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Gilead's ulcerative colitis antibody flunks trial

Halts trial early as preliminary data shows no evidence of efficacy

Gilead Sciences

Gilead Sciences has stopped a trial of its GS-5745 antibody in ulcerative colitis after an interim look at the data suggested there was no evidence of efficacy.

The antibody targets MMP9, an enzyme involved in the breakdown of the matrix between cells, and is also being tested for Crohn's disease and various types of cancer. Analysts at Edison have previously suggested GS-5745 could in time become a $2.5bn product across its indications.

Gilead said an analysis of the data conducted in the first 150 patients of a planned 1,600 cohort resulted in a recommendation that the trial "be terminated early due to meeting the pre-specified futility and efficacy criteria".

"Gilead has also reviewed the data and determined that there is insufficient evidence of a treatment benefit in the group of patients randomized to receive either one of two doses of GS-5745," said the firm in a statement.

The company emphasised that a phase III study of GS-5745 in patients with gastric cancer, as well as a phase II study in patients with gastric cancer in combination with Bristol-Myers Squibb's immuno-oncology drug Opdivo (nivolumab), are continuing as planned, along with other phase II studies in moderately to severely active Crohn's disease, rheumatoid arthritis and cystic fibrosis.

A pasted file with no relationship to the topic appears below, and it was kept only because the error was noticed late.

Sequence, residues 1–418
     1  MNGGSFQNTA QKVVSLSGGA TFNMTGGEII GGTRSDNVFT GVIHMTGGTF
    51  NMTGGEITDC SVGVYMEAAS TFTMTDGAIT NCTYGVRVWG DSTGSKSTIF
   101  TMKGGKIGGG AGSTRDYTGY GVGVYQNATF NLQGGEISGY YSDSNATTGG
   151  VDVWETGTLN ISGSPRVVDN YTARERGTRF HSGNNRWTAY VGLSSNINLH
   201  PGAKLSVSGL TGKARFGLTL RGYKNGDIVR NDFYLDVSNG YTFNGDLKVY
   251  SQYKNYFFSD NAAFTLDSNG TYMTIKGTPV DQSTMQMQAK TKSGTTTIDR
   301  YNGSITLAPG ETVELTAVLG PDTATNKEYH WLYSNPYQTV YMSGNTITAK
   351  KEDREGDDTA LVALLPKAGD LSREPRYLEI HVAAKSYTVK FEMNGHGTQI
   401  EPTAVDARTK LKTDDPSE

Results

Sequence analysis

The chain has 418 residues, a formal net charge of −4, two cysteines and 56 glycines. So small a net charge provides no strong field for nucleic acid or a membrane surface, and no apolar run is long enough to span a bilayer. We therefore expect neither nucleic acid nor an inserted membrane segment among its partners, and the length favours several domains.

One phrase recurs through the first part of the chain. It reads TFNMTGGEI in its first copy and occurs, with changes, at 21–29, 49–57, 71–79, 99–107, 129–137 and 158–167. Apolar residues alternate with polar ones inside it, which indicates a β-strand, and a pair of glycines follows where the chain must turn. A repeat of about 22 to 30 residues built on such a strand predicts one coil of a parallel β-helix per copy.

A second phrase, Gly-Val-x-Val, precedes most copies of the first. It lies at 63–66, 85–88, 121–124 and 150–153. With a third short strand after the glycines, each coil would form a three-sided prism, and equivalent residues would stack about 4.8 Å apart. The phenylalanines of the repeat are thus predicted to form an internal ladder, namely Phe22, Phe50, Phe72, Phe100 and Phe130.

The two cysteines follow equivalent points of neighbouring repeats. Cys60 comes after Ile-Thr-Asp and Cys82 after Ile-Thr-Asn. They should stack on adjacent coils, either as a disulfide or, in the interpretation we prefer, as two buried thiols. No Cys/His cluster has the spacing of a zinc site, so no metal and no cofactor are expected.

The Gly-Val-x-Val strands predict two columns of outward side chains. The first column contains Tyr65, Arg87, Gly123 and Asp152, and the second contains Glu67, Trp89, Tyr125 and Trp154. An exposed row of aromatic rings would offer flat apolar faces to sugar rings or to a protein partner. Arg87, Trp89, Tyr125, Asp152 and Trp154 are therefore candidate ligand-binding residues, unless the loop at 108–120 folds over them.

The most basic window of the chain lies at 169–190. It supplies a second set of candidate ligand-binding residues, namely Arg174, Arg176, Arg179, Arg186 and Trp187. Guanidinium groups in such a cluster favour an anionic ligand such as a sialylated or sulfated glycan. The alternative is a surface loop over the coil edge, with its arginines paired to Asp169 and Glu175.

In the summer it was reported that Gilead and contract research organisation (CRO) partner Quintiles were struggling to recruit patients into its phase II Crohn's disease trial.

The trial is a disappointment for Gilead but also UK-based biotech Abzena, whose antibody technology is used to produce GS-5745 as well as other candidates in Gilead's pipeline such as simtuzumab for non-alcoholic steatohepatitis (NASH).

Shares in Abzena slid in the wake of the Gilead announcement, although the UK firm was quick to point out that GS-5745 remains in testing for other indications and the drug is one of 12 drugs based on its technology that have reached the clinical testing stage. Abzena was formed by combining two companies - Polytherics and Antitope - in 2014.

Article by
Phil Taylor

22nd September 2016

From: Research



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